Suppose $\displaystyle A \subset R^m $. Then $\displaystyle f: A \rightarrow R^n $ is differentiable at a point $\displaystyle \vec{x} \in A $ if there is an n by m matrix $\displaystyle B $ such that $\displaystyle \lim_{h \rightarrow 0} \frac{ ||f(\vec{x} + \vec{h}) - f(\vec{x}) - B \vec{h}||}{||\vec{h}||} $.

My question is, does it matter HOW $\displaystyle \vec{h} $ goes to 0? For example, consider the function $\displaystyle f(x,y) = xy $. Say I wanted to calculate its derivative.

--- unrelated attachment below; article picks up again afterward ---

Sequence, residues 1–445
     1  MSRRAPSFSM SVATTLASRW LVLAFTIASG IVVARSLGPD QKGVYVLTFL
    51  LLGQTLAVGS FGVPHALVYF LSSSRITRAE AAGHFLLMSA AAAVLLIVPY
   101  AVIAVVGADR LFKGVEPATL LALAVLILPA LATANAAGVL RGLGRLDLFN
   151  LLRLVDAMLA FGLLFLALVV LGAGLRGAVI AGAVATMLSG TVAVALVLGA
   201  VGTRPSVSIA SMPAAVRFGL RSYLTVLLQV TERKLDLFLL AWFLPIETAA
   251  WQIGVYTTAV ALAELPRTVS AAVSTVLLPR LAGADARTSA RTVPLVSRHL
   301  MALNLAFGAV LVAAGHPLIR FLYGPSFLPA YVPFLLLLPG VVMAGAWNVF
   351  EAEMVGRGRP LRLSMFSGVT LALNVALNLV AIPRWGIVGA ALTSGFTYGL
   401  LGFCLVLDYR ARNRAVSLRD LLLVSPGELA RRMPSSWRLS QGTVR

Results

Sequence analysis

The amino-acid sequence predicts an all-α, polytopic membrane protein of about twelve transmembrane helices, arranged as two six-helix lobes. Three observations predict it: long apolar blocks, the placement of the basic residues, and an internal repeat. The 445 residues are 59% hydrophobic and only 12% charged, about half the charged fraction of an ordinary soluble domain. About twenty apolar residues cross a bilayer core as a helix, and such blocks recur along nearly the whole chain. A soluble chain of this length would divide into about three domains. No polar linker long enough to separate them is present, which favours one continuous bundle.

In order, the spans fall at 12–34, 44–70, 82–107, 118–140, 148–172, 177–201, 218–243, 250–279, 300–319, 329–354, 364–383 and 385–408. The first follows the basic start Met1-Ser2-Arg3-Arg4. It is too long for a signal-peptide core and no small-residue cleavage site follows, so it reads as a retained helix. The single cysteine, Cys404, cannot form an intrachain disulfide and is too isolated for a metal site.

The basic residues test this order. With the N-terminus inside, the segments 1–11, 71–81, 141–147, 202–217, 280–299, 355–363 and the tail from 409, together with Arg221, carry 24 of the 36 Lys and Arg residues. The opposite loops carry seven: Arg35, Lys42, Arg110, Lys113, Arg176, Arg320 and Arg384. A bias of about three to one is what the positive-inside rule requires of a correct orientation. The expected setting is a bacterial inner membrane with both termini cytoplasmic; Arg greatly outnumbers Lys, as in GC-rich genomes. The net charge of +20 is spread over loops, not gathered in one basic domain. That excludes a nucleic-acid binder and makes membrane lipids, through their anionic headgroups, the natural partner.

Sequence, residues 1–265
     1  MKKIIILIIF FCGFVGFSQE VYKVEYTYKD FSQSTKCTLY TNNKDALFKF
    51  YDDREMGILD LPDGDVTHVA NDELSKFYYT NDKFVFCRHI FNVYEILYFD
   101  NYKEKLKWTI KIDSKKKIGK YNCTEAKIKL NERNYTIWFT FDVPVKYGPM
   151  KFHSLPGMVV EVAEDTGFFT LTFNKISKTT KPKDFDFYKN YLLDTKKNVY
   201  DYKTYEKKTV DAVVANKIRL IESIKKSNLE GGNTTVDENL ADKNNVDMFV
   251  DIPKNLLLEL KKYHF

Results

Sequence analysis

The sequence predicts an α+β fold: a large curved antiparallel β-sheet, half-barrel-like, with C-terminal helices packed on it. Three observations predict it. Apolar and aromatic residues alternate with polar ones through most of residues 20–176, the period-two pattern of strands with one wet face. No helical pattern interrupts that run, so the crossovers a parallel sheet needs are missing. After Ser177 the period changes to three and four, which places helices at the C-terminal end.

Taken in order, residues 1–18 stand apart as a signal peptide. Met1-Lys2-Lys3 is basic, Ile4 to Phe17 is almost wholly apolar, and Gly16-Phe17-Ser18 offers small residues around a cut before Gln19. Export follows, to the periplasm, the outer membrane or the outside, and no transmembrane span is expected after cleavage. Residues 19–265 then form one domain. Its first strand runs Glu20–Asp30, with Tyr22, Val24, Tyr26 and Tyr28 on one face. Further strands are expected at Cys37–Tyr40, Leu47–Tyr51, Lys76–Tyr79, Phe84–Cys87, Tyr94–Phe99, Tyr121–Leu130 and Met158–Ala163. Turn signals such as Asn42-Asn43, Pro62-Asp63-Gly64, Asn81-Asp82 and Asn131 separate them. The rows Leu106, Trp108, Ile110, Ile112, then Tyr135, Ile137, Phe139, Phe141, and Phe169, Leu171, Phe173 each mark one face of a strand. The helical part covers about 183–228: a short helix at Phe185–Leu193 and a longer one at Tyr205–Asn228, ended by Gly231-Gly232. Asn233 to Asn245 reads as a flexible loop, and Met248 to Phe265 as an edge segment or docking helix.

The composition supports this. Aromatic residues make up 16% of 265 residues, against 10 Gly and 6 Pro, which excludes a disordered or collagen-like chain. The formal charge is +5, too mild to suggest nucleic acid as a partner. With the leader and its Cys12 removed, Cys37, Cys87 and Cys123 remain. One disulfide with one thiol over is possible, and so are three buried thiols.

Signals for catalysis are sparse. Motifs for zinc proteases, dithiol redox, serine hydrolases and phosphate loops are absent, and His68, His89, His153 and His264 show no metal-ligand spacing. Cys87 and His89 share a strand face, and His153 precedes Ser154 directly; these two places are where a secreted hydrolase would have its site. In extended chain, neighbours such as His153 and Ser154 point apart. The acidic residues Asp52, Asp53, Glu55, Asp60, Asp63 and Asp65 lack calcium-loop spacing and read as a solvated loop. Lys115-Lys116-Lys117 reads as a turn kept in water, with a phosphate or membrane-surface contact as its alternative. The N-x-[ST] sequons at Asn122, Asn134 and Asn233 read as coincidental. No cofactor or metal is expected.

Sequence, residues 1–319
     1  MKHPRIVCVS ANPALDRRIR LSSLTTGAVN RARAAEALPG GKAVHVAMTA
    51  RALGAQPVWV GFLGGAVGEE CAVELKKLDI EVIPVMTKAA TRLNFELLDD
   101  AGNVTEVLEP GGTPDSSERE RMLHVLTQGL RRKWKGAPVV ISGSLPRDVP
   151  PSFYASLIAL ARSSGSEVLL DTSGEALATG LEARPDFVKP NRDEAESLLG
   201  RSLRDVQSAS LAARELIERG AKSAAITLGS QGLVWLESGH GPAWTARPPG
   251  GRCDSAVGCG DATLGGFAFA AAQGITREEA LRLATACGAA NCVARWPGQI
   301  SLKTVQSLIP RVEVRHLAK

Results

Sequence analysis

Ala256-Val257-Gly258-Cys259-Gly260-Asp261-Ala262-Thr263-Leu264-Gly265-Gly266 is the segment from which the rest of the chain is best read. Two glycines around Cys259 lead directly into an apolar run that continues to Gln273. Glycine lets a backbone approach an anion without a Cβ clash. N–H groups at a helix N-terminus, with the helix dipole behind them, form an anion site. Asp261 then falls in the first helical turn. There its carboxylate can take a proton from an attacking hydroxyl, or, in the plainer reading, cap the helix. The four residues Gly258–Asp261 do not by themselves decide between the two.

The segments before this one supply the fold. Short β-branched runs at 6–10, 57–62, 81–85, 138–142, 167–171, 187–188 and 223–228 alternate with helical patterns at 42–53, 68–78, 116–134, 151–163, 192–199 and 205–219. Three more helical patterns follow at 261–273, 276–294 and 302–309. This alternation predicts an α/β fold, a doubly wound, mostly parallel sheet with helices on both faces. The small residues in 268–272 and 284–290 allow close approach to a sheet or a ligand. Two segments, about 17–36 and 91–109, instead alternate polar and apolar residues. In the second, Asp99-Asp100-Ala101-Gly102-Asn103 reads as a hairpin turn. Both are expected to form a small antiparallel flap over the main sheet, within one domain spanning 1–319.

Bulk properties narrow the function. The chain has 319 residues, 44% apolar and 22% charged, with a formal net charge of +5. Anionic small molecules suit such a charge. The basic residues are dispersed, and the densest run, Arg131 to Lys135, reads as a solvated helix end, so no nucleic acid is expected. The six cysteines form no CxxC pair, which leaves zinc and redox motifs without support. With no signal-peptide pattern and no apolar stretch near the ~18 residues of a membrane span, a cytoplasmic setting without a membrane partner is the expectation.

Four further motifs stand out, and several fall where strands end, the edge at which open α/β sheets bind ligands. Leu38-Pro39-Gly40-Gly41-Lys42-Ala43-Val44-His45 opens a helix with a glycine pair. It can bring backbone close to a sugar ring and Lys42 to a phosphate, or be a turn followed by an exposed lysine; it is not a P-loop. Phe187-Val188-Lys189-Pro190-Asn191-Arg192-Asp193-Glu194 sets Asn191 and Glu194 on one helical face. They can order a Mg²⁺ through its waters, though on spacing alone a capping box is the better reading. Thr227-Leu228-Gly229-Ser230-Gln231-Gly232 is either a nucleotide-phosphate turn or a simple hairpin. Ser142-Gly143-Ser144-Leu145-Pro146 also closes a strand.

When taking the limit of the derivative difference quotient, is it permissible to let the entries of the matrix $\displaystyle \vec{h} \in R^2$ approach 0 in any fashion I want?

I am asking this because I am just learning multi-variable calculus, and when calculating the derivatives I've always let $\displaystyle \vec{h} $ = (h h) and was wondering if I am allowed to do this.